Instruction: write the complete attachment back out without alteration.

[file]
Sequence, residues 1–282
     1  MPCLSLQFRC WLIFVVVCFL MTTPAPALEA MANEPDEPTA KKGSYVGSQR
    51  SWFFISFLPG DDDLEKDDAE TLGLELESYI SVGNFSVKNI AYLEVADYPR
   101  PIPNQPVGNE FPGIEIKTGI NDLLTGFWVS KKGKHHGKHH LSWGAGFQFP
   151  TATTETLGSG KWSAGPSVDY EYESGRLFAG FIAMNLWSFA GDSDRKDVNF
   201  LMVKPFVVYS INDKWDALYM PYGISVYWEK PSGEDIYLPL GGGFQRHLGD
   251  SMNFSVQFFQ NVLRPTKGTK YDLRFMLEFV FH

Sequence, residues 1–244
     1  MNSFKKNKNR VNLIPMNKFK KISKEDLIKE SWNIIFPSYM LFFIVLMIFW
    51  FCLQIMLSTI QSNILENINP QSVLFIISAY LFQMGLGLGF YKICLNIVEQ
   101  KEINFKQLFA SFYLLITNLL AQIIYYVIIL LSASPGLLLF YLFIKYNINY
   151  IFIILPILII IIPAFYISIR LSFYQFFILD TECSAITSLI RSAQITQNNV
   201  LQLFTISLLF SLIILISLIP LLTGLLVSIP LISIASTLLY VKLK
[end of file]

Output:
Sequence, residues 1–282
     1  MPCLSLQFRC WLIFVVVCFL MTTPAPALEA MANEPDEPTA KKGSYVGSQR
    51  SWFFISFLPG DDDLEKDDAE TLGLELESYI SVGNFSVKNI AYLEVADYPR
   101  PIPNQPVGNE FPGIEIKTGI NDLLTGFWVS KKGKHHGKHH LSWGAGFQFP
   151  TATTETLGSG KWSAGPSVDY EYESGRLFAG FIAMNLWSFA GDSDRKDVNF
   201  LMVKPFVVYS INDKWDALYM PYGISVYWEK PSGEDIYLPL GGGFQRHLGD
   251  SMNFSVQFFQ NVLRPTKGTK YDLRFMLEFV FH

Sequence, residues 1–244
     1  MNSFKKNKNR VNLIPMNKFK KISKEDLIKE SWNIIFPSYM LFFIVLMIFW
    51  FCLQIMLSTI QSNILENINP QSVLFIISAY LFQMGLGLGF YKICLNIVEQ
   101  KEINFKQLFA SFYLLITNLL AQIIYYVIIL LSASPGLLLF YLFIKYNINY
   151  IFIILPILII IIPAFYISIR LSFYQFFILD TECSAITSLI RSAQITQNNV
   201  LQLFTISLLF SLIILISLIP LLTGLLVSIP LISIASTLLY VKLK